If you go to Google and type ‘string inverters vs. microinverters’, you will get dozens of articles telling you that microinverters are superior to string inverters.
In fact, we did almost the same in our last year’s microinverters vs. power optimisers article. But now we’re back again to tell you that, well, we were a bit wrong, and so were millions of people in the solar industry. Yes, we were a bit harsh on string inverters, and we are here to tell you the truth. So here we go!
Are Microinverters Seriously Better than String Inverters?
Before we begin the battle, here’s a quick recap:
- Inverters are devices that convert DC power from solar panels into AC power, making it usable in our homes.
- String inverters convert DC power from multiple solar panels (usually an entire string or array) into AC power at a single location.
- Microinverters are small devices that convert DC power from each solar panel into AC power at the panel level.
Following are the existing, commonly accepted ideas about microinverters:
- Microinverters allow a higher power output
- They last longer
- They have better warranties
- They avoid system shutdowns
- They are safer
And to be fair, these aren’t entirely false, but the truth is - as it is in most cases - more complicated. These five facts aren’t as universal as everyone thought. Instead, they are true in certain specific cases.
So, if you were to choose between micros and stringies (bet you read that in an Aussie accent!), you would want to know which one would be better in your specific scenario, and that’s what we have come back to clarify. Let’s look at the above five arguments in more detail.
1. Microinverters allow a higher power output than string inverters
The idea that microinverters lead to better system performance is a blanket statement that leads us to believe that all microinverters are always better than all string inverters. This is clearly not true.
The belief that microinverters are better stems from the idea that systems with micros are more resistant to shading than systems with string inverters. Since each solar panel has its own microinverter, shading on one panel will not affect the entire string’s performance, as is believed to happen with string inverters.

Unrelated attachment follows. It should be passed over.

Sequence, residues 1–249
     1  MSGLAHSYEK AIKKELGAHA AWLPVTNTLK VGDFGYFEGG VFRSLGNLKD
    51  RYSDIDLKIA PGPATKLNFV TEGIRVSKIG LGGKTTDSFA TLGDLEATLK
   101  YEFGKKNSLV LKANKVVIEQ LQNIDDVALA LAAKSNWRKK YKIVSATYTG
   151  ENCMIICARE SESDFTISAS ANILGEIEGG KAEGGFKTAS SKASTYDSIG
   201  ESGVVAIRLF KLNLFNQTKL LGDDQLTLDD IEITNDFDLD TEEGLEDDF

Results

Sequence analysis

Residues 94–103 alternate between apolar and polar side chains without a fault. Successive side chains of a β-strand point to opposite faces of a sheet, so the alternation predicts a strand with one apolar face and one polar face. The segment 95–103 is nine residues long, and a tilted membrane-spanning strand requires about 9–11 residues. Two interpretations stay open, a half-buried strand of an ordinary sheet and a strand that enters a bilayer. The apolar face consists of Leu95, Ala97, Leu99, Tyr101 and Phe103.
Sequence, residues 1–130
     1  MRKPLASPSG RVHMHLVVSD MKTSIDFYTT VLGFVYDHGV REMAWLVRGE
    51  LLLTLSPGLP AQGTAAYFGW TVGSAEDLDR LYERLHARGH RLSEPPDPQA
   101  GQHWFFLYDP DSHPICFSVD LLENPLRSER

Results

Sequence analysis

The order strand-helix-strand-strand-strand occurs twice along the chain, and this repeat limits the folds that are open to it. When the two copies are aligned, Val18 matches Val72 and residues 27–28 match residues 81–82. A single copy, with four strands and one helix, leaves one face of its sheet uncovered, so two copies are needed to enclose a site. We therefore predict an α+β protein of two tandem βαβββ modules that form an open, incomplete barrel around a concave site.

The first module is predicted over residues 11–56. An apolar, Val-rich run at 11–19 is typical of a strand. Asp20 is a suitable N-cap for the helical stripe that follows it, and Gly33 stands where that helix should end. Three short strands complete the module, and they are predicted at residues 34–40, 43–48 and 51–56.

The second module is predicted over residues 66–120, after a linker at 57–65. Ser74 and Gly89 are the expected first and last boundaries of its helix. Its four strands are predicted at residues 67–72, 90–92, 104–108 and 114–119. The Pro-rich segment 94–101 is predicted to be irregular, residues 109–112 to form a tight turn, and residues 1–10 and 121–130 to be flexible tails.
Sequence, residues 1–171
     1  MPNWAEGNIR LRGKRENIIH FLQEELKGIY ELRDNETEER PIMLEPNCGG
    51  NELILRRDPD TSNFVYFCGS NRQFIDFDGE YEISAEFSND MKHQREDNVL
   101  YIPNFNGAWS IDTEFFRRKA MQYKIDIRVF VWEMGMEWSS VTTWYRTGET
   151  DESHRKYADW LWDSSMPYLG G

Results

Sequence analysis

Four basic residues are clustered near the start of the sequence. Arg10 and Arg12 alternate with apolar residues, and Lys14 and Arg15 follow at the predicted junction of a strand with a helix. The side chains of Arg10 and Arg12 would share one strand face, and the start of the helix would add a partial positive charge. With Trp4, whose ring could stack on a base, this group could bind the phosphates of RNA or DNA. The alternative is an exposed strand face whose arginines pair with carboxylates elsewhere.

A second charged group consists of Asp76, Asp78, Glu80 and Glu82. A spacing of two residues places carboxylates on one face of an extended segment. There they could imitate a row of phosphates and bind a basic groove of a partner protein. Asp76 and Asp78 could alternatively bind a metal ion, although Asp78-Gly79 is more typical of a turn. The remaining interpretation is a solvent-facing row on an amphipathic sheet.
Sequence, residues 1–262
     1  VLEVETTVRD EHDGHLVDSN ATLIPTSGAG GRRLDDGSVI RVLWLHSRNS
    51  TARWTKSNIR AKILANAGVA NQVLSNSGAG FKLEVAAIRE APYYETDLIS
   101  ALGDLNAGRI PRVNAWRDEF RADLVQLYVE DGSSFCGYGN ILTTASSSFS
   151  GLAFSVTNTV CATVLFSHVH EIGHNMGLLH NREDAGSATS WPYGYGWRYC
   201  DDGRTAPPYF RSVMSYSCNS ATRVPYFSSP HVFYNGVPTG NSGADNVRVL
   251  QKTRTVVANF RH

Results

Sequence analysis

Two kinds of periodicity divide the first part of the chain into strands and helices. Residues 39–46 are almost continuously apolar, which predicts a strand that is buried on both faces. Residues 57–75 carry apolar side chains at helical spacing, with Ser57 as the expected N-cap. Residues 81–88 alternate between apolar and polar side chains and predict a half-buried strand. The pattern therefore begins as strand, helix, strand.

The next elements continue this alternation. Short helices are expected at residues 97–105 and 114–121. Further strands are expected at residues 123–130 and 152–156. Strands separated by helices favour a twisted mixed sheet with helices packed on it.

While this is true in certain cases, it may not apply to all systems in general. Modern string inverters, such as the Fronius Primo Gen24 Plus, have cutting-edge maximum power point trackers (MPPT) that keep an eye on production levels and prevent massive power drop even if just one panel is shaded.
Recently, a bunch of French scientists studied the performance of 100 systems with microinverters and 100 systems with string inverters. While the performance ratio (ratio of actual power generation to theoretical maximum) of both was expected to vary, both teams tied at a PR of 79%.
This was a surprising truth to face, almost like Galileo coming up and saying, ‘Bro, it’s the Earth that goes around the sun.’ But wait, let’s not jump to conclusions, it is important to know where these French gentlemen with difficult-sounding surnames gathered their data from. According to the paper, the installations in the study use Enphase’s older generation microinverters, and not a single system has the Enphase IQ series models - the latest and most reliable microinverters.
If we imagine a similar study conducted ten years from now, where most of the microinverters were the latest models, the PR for systems with microinverters would definitely be somewhat higher than that of inverter-based systems. But at the same time, we don’t think the difference would be too drastic - certainly not enough to become the sole reason to spend a few thousand dollars extra.
2. Microinverters last longer than string inverters
The lifespan of any solar equipment can make or break a deal. And the idea that microinverters last longer than string inverters is as widespread as the idea that they offer more power output. One argument that supports the longer lifespan theory is that microinverters don’t have any moving parts, and one of the most basic laws of engineering is that moving parts means friction means heat means degradation.